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Opinion: Sydney Needs To Diversify, Not Reach For The Sky

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By Liam Walsh, RPS Group.

Barcelona or Shanghai? Bondi or Chatswood?
Delivering housing density in Sydney doesn’t have to mean reaching for outer orbit.

Sydney is reaching a cross roads on delivering new infill housing. This week, the Minister for Planning, Rob Stokes has noted his preference for Sydney to increase housing density through a ‘Barcelona’ model -encouraging more medium density and terrace houses. The Urban Taskforce CEO Chris Johnson in a reply article in the Urban Developer noted a high rise ‘Shanghai’ model could be adopted for Sydney to attract the energy of emerging Asian Cities.

[Related article: Opinion: Sydney’s Increased Population Growth Needs A Diversity Of Housing]

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In a Sydney context it looks more like either a Barcelona model or a mixed Shanghai/Dallas model of density. A Barcelona model like Bondi comprised of a dense medium core with scatterings of low rise and high rise, especially at Bondi Junction. Or a Shanghai/Dallas model like Chatswood, with a skyward bound core to protect the low rise and very low density outer.

The key outcome of applying the Barcelona or Shanghai model to Sydney is to understand what accommodating future growth physically looks like. The European city model is dense, just not especially high.

It is a consistent density that allows both low and high rise in the right places, but on the whole supports a middle height and scale of housing which is very dense, but doesn’t necessarily feel like it is.

Bondi has a fantastic diversity of housing from lower rise homes in North Bondi, the dense middle core of the beachside and Bondi road and the Victorian terraces, walk-ups and high rise of Bondi Junction. In the suburb of Bondi Beach, the streets are an Australian version of Rob Stokes Barcelona model of density.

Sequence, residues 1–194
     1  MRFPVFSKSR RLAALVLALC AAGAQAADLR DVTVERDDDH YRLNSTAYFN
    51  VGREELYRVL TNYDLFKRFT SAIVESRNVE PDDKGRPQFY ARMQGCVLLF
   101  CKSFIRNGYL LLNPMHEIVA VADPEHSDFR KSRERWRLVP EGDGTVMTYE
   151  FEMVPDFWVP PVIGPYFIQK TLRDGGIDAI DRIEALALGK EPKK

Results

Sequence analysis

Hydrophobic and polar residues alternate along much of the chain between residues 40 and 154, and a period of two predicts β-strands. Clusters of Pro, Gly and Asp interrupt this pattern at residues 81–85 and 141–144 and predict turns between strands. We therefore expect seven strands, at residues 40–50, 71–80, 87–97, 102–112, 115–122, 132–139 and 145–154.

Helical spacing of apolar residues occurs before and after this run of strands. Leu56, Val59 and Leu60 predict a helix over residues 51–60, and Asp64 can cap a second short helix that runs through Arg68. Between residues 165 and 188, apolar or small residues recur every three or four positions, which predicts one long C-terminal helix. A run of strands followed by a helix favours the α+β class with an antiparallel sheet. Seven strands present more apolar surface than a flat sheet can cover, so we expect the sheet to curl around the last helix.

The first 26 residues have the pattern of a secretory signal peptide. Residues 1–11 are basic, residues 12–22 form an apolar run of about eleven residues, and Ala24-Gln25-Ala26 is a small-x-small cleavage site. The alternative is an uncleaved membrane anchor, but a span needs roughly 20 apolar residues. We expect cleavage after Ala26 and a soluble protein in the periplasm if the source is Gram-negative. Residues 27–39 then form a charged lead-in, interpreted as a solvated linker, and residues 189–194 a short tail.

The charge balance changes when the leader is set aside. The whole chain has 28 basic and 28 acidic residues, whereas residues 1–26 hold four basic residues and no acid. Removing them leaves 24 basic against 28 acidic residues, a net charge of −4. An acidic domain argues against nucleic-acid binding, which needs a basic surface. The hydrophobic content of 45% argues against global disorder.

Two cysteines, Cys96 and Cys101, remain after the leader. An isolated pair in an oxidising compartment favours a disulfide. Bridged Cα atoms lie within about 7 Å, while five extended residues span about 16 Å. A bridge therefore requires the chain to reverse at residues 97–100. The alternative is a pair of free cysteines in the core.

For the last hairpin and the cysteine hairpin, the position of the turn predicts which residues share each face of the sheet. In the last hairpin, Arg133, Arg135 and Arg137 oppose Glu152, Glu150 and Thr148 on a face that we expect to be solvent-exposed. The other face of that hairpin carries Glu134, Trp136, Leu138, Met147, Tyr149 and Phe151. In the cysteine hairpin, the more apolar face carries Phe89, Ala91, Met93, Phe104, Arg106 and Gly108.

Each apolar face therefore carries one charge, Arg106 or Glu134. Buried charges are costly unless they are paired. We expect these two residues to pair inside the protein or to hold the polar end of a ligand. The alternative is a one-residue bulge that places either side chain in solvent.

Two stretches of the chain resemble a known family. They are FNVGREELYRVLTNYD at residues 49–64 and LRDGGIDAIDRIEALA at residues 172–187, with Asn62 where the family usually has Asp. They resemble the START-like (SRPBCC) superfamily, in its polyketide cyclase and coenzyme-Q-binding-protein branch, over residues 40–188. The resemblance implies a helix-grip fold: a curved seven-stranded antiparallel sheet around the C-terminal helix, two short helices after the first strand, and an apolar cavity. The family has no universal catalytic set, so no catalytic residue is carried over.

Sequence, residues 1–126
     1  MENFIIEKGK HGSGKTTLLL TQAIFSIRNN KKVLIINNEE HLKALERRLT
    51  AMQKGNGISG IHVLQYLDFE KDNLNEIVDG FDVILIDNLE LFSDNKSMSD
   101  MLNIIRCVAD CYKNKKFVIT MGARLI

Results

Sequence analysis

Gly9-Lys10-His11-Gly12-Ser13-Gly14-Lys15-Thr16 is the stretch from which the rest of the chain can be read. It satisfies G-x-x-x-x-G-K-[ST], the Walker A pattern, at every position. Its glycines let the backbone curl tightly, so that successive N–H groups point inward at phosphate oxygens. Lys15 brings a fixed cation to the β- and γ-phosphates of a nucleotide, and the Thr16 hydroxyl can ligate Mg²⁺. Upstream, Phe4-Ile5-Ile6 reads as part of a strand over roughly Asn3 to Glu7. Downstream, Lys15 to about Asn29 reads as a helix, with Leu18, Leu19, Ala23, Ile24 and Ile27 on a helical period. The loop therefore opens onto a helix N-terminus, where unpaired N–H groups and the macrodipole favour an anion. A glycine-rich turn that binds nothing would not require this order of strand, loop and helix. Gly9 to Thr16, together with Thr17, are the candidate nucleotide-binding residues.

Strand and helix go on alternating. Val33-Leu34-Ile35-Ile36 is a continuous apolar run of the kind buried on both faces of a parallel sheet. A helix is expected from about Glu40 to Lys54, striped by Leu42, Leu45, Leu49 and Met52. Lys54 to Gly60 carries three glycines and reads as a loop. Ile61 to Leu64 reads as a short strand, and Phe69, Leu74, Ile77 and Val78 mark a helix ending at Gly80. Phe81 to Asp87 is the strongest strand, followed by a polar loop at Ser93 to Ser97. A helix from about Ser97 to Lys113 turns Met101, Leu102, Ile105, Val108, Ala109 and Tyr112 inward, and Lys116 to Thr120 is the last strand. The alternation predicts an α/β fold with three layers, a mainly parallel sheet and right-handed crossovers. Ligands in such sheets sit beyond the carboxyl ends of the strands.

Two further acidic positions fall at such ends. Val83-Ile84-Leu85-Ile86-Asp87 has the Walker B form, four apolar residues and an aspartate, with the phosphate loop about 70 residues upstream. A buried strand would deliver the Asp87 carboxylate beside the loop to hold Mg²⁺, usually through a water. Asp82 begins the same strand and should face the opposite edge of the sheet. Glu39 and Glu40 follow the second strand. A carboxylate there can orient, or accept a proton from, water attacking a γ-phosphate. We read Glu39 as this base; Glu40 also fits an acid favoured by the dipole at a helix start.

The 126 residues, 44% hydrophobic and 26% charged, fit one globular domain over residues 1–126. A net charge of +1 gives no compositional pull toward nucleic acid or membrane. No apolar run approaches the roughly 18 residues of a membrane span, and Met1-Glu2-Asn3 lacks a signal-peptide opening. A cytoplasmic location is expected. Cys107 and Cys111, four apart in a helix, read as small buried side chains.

The streets run west or parallel to the famous beach and accommodate a diverse array of attached homes, terraces, two and three storey walk ups and some larger flat buildings up to eight storeys. There is high energy, an immense array of services for locals and tourists alike, but with a built form that allows sun to penetrate the streets, ground floor back gardens even in apartments and a leafy streetscape.

Yet Bondi Beach, like many European cities with a middle core is incredibly dense without feeling like it is. With a population of 10,772 in just 1.18 square kilometres, it has a population density of nearly 10,000 people per square kilometre.

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This level of density in a global city context means if it were a London Borough, it would rank 13th out of 34 in terms of density per square kilometre.

The opposite and increasingly common outcome in Sydney is the Shanghai/Dallas model that is Chatswood and many other suburbs. While Chatswood should expect to accommodate higher density in it’s centre like Bondi Junction, the core is now reaching outer orbit to protect the untouchable outer ring of low rise suburbia.

This model delivers a far lower population and dwelling density. It would rank 29th if it were a London Borough.

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Moving forward, planning for Sydney’s future growth needs to consider what the physical outcomes look like and what a desired model of growth is for Sydney. There is the Chatswood model applied in multiple suburbs to increasingly give way to skyward towers to protect suburban streets.

This model burdens the growth on a small geographic  area and offers little diversity between either very low or very high density.

Applying the Bondi model across Sydney could allow a gradual infill of terraces, walk-ups, manor homes and some higher rise apartments across suburbs depending on financial viability and suitability.

This could enable growth and reach higher densities, while maintaining sunlit streets, suburban character and diversity from low through to high, not just low or high?

Liam-Walsh-Crop

Liam Walsh is part of RPS’ Sydney-based strategic property advisory team. He coordinates projects where a combination of urban planning and property market influences need consideration. Liam works primarily across residential, seniors living and retail markets, with significant involvement in land release.

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Article originally posted at: https://https://theurbandeveloper.com/articles/sydney-needs-to-diversify-not-reach-for-the-sky